There is, of course, the Marine Conservation Basking Shark Watch, of which the Manx Basking Shark Watch is a part. This project aims to monitor the annual geographical movements of basking sharks, the time of year that they are present at each location, fish size, group size and activity patterns. Their (your) observations from 1987 to present have provided vital information that has put basking shark populations on the map (see some of these maps in ‘How Where and When to Watch Basking Sharks’ ) and see more on the Marine Conservation Basking Shark Watch Website.

Dr Colin Speedie works with the European Basking Shark Photo-identification Project (EBSPiP) that aims to identify individual basking sharks by being able to recognise their fins and other identifying features such as size, scars etc. Their work will enable scientists to track individual’s movements. It may ultimately teach us something about population size. This scheme engages the help of the public in the same way as the Manx Basking Shark Watch does. You need to send them still photographs and/or video footage of the sharks you have seen. Please see their very sensible Basking Shark Code. Their work is linked with that of the Shark Trust, The Wildlife Trusts, and WWF.

Dr David Sims research group is working on tagging individual basking sharks off the south coast of Britain. Their work has provided much-needed information about basking sharks home ranges and it has answered the mystery of where they go in winter. A lot of the current biological basking shark research on feeding and social activity is coming from this group and a lot of the biology section in this website is based on their work.

Dr Mavis Gore is tracking basking shark movements and taking detailed samples of plankton near to shark populations off the Isle of Cumbrae, Scotland. Her team’s work should provide information on Scottish basking sharks movements which will complement Dr David Sims work in the south of Britain.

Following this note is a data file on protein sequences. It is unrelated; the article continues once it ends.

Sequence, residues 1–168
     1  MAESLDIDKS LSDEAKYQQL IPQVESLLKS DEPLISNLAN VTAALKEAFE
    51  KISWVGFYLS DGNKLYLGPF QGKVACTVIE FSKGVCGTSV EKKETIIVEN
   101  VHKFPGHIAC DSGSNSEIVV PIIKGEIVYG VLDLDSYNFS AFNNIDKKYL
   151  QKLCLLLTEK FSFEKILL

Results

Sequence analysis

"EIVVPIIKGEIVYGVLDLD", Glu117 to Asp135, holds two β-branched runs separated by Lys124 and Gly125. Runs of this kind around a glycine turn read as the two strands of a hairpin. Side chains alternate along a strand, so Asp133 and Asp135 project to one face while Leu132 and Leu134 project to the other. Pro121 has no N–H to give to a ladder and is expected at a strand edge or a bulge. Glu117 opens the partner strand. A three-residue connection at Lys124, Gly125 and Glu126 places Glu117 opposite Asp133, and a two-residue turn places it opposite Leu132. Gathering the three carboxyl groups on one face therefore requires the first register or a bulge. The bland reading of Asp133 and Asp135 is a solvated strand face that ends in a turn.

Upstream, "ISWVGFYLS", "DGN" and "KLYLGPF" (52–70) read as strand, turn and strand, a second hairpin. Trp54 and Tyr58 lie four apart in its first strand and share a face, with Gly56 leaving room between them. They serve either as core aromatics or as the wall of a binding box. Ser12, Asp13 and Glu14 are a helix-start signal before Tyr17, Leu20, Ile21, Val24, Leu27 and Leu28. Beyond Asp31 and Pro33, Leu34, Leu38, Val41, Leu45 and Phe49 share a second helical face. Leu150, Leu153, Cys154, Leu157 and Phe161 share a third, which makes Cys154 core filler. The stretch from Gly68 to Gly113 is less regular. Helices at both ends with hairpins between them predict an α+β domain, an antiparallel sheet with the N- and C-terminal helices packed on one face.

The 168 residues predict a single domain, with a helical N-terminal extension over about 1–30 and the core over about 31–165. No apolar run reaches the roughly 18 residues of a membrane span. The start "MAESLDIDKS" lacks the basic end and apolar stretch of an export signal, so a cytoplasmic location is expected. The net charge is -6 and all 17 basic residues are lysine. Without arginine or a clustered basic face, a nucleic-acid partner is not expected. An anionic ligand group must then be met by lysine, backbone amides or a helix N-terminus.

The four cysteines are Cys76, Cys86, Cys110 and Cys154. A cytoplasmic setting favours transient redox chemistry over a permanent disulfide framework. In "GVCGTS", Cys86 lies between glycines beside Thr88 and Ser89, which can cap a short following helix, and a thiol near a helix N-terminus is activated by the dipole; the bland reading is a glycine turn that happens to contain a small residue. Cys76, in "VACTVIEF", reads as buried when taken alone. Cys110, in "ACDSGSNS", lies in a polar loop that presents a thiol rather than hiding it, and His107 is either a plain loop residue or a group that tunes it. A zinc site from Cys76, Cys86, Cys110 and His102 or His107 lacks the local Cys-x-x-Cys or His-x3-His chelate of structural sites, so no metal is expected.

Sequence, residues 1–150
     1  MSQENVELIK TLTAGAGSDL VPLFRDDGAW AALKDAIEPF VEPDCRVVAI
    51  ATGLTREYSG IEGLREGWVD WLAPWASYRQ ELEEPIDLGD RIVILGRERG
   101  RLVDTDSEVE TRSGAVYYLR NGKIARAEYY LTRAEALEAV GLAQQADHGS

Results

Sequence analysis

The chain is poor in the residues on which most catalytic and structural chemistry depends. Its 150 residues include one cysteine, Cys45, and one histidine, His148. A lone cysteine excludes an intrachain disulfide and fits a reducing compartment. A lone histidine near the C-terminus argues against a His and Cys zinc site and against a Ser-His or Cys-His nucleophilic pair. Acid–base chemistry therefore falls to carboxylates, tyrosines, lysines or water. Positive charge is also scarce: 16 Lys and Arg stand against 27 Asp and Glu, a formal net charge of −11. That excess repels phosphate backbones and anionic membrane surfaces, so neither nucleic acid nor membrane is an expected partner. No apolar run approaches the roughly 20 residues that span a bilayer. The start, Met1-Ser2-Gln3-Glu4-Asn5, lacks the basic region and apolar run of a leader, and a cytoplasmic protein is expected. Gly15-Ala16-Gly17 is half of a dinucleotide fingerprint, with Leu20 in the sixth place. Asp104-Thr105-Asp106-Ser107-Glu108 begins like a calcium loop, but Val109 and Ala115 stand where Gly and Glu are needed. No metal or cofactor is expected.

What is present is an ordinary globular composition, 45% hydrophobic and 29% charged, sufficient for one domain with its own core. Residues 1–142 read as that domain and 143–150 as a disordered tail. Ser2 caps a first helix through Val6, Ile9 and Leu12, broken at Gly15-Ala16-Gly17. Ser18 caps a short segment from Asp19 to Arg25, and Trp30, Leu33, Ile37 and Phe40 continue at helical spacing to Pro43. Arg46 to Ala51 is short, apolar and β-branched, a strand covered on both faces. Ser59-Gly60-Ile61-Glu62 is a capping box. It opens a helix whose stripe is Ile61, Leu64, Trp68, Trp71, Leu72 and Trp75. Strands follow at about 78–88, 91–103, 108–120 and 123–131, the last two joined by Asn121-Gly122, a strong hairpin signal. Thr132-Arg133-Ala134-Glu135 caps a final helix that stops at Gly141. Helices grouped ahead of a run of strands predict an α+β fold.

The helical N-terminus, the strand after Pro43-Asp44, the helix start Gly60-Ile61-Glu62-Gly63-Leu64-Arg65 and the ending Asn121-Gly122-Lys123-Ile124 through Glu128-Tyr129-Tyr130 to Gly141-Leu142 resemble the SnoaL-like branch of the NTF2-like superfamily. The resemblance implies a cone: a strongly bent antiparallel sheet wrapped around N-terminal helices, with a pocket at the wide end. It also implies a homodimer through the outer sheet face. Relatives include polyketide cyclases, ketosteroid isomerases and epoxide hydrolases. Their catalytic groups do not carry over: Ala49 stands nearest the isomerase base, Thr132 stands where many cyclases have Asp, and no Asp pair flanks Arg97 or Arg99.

Manx Basking Shark Watch has been working with her on tagging since 2007. She very kindly deployed our 3 MK 10 PAT tags in 2007. The results were spectacular, with Tracy the Tower Insurance shark going across the Atlantic! See (Gore et al 2008). In 2008, with the skills learnt from her in 2007, we deployed 5 tags, the results were excellent, we are going to publish them in 2009. We are deploying 3 tags in 2009.

In 2009 we will be joined by Armelle Jung’s team from APECS in France. Her team will deploy 3 MK10 PAT tags in Manx waters in 2009. Her team will also be radio tagging up to 4 sharks and doing plankton work as well, whilst they are with us.

The UK Biodiversity Action Plan has a basking shark Species Action Plan that aims to further research and to provide protection for the basking shark. Lead partners are the Wildlife Trusts, The Marine Conservation Society and The Shark Trust.

Dr Mavis Gore is tracking basking shark movements and taking detailed samples of plankton near to shark populations off the Isle of Cumbrae, Scotland. Her team’s work should provide information on Scottish basking sharks movements which will complement Dr David Sims work in the south of Britain.

The UK Biodiversity Action Plan has a basking shark Species Action Plan that aims to further research and to provide protection for the basking shark. Lead partners are the Wildlife Trusts, The Marine Conservation Society and The Shark Trust).